Fratello Classics: My Top 10 Chronograph Watch Movements; What Are Yours?

8. Patek Philippe CHR 29-535 PS Q

Remember the Lemania chronograph movement used by Patek Philippe that I covered in my top five? This movement, Caliber CHR 29-535 PS Q was developed in-house by Patek Philippe. It is hand-wound and was used for the first time in Patek’s Reference 5402P (I wrote about that watch here). The movement consists of 496 parts and features not only a chronograph with split-seconds function, but also a perpetual calendar, placing it firmly in Patek Philippe’s Grand Complications collection. It is a relatively small movement compared to the others here (30 mm diameter) but quite thick. The finishing on all the parts is magnificent. Patek Philippe has filed for a patent on its new split-seconds lever construction. An amazing movement that is unfortunately —  like the A. Lange & Söhne chronograph movement that came in at #5 — available only for a fortunate few.

Patek Philippe Caliber CHR 29-535 P SQ

9. Seiko Ananta Spring Drive Movement (Caliber 5R86)

I recall that, at one point, Seiko’s Spring Drive movement got so much publicity that people who inquired about my watch hobby were under the assumption that all watches wound by the motion of the wrist were called “Spring Drive” watches. Seiko did an excellent marketing job on that. The Ananta Chronograph was a Seiko watch that really caught my eye, with its Caliber 5R86 movement. Instead of a traditional escapement, the Spring Drive system uses a combination of a balance wheel, electro-magnetic energy, and a quartz oscillator for optimum accuracy; it uses a rotor to wind the mainspring. As you can see, the finishing is superb. If you can live without the traditional tick-tock of a purely mechanical movement, give a watch with this Seiko movement a chance.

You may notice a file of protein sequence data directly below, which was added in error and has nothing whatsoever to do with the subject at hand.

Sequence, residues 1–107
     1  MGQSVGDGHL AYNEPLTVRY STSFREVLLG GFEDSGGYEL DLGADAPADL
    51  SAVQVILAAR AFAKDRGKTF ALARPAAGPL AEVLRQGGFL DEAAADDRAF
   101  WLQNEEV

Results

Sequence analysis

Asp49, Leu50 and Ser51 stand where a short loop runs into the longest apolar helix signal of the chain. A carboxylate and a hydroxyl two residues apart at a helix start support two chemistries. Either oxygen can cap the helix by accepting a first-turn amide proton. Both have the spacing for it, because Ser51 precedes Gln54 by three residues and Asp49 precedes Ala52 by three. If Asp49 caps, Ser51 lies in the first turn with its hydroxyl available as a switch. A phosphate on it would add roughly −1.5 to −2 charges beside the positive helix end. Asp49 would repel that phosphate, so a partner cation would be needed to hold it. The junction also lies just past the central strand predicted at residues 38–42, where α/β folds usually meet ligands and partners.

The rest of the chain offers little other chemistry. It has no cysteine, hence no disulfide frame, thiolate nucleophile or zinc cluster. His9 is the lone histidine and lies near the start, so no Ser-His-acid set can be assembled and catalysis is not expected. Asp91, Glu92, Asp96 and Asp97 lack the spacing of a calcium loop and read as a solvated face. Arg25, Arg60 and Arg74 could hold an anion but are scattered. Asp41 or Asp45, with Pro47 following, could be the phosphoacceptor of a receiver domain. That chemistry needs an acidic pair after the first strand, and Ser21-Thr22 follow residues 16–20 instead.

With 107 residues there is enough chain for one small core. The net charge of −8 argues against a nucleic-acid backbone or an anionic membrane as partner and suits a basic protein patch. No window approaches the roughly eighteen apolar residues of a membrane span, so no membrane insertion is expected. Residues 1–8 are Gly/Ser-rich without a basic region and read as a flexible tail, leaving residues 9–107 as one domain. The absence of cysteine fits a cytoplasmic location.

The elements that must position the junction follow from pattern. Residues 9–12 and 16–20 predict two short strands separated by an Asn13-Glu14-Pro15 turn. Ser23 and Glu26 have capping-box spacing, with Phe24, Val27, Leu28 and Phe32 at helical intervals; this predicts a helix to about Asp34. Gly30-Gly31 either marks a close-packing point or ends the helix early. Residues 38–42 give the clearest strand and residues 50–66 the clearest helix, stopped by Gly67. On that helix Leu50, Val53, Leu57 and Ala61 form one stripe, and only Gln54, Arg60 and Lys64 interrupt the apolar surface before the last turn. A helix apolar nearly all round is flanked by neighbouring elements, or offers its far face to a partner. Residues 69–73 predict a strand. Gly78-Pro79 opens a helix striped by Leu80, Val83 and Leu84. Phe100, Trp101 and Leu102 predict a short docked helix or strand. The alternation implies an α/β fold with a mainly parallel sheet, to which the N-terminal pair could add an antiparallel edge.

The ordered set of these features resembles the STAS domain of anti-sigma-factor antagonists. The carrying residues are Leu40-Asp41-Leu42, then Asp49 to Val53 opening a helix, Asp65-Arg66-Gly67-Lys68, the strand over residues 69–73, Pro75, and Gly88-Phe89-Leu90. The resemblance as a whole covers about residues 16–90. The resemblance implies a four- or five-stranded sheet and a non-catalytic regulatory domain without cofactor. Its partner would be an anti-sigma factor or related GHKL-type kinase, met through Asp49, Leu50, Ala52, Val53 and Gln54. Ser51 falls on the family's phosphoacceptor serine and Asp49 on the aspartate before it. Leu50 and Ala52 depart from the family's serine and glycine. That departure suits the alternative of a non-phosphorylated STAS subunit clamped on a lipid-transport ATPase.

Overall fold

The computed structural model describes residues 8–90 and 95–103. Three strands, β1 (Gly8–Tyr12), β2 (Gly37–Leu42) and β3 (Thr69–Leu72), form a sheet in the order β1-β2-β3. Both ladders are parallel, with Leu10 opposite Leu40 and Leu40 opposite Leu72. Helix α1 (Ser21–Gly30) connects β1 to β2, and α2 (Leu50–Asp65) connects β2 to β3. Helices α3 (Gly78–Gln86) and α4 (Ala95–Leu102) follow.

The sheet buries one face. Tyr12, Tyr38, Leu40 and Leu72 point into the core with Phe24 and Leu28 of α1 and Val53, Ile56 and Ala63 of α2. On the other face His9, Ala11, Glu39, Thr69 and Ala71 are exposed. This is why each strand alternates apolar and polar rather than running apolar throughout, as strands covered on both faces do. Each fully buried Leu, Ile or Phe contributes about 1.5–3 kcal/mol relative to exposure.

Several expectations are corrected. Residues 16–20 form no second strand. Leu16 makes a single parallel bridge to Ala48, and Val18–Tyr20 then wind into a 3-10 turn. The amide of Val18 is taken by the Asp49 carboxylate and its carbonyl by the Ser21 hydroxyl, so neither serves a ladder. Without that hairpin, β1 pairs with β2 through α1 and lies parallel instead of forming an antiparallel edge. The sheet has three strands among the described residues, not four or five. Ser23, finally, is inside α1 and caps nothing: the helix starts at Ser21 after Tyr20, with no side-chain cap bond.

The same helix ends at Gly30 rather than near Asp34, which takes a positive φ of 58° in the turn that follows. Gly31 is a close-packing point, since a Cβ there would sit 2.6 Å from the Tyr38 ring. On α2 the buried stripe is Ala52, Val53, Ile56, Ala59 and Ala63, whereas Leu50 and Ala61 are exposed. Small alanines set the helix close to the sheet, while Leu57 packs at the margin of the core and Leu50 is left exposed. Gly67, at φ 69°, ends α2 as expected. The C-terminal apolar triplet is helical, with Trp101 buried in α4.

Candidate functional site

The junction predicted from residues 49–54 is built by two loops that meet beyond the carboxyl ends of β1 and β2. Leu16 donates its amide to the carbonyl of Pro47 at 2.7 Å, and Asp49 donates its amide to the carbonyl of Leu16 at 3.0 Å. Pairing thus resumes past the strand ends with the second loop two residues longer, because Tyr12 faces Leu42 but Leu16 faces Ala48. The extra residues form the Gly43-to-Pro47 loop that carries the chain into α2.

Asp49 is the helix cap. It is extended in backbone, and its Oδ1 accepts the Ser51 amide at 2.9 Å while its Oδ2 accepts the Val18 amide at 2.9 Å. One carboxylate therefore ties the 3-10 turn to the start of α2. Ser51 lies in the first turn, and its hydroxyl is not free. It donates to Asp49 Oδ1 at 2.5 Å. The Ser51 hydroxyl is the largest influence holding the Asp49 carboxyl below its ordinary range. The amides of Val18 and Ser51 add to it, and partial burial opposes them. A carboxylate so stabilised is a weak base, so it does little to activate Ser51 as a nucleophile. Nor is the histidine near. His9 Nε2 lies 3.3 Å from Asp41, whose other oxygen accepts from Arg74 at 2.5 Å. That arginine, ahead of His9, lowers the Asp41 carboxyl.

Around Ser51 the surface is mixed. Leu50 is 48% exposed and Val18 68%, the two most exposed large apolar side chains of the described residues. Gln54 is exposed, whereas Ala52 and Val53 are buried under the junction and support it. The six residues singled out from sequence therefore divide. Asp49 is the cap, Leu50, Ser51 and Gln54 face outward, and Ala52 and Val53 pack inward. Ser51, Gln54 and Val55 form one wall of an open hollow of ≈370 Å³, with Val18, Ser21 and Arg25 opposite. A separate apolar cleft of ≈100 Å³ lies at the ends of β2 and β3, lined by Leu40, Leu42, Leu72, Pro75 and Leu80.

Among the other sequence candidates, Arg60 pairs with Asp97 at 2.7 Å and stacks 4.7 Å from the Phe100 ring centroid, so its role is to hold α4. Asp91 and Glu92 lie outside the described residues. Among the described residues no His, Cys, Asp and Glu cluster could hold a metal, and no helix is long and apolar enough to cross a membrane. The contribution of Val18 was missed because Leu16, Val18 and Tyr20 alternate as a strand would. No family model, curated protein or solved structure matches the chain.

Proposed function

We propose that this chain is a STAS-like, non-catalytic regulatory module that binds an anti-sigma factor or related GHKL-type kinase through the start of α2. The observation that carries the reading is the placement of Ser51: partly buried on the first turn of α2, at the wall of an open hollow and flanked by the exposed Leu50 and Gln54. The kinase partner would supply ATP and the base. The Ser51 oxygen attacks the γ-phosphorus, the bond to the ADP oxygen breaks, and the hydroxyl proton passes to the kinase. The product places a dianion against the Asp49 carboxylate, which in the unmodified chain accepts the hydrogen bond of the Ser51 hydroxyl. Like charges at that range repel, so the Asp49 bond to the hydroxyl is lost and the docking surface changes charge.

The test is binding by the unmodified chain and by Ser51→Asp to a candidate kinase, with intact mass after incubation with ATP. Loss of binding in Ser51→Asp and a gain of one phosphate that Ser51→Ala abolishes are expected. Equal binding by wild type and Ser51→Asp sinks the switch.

Seiko Ananta Spring Drive Movement (Caliber 5R86)

10. Breitling B01

Following in the footsteps of Omega and TAG Heuer, Breitling also felt the urge to design and develop a chronograph movement in its own facilities. Breitling introduced its B01 chronograph movement in 2009. Before that, Breitling, like many other watch brands, used mainly ETA/Valjoux chronograph movements, along with an occasional Lemania. (In some models, Breitling still uses these.) The Breitling B01 movement is fully developed and manufactured in-house and has a column-wheel chronograph system. It has a 70-hour power reserve and a traditional tricompax layout. It was first introduced in the Chronomat, but since then Breitling has also installed versions of it in a number of its other watches, including the Navitimer 01, Montbrillant 01 and Chronomat 44.

Breitling Chronomat Caliber B01

What are your favorite chronograph movements (not watches)? Please share them with us by leaving a comment.

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  1. Steve F

    Anyone have any experience with the Cartier 1904CH? Column wheel and verticle clutch puts it with the big players but wondering how it performs.

  2. MrTissot

    The Valjoux 7750 movement has been nothing but brilliant in my experience and it is a shame that it has not featured here. My personal favourite watch with this movement is my Tissot PRS516 which I purchased in 2009. It is NOT a certified chronometer but still keeps time well within chronometer specs even after 5 years! Which begs the question…should I have it serviced or leave it alone?? I believe the Valjoux 7750 movement was designed in 1972 by Edmond Capt only a year after he left Rolex. The movement officially went into production in 1973 and is still widely used today due to its availability, durability and serviceability.

  3. Nice list!

    Like Bill I miss the V7750, but also the Calibre 11.
    I guess there just wasn’t enough space for 2 more calibres in a top10 list ;-)

    Great article, thanks!


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